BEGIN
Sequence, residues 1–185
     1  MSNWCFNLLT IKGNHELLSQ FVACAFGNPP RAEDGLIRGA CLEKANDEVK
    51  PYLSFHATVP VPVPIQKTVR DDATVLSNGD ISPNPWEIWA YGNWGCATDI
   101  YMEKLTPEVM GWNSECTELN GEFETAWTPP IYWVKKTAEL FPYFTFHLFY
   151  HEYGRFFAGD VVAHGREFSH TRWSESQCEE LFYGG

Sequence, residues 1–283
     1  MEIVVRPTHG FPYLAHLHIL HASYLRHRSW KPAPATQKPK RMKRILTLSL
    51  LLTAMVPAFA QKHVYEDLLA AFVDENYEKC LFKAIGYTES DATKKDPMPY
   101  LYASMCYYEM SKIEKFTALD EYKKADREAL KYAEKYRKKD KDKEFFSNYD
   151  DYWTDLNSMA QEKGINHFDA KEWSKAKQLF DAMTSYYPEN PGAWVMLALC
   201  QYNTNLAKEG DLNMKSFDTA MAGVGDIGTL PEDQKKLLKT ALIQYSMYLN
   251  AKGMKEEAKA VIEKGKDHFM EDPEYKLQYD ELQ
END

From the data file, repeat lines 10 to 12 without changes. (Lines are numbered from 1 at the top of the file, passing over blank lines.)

   151  DYWTDLNSMA QEKGINHFDA KEWSKAKQLF DAMTSYYPEN PGAWVMLALC
   201  QYNTNLAKEG DLNMKSFDTA MAGVGDIGTL PEDQKKLLKT ALIQYSMYLN
   251  AKGMKEEAKA VIEKGKDHFM EDPEYKLQYD ELQ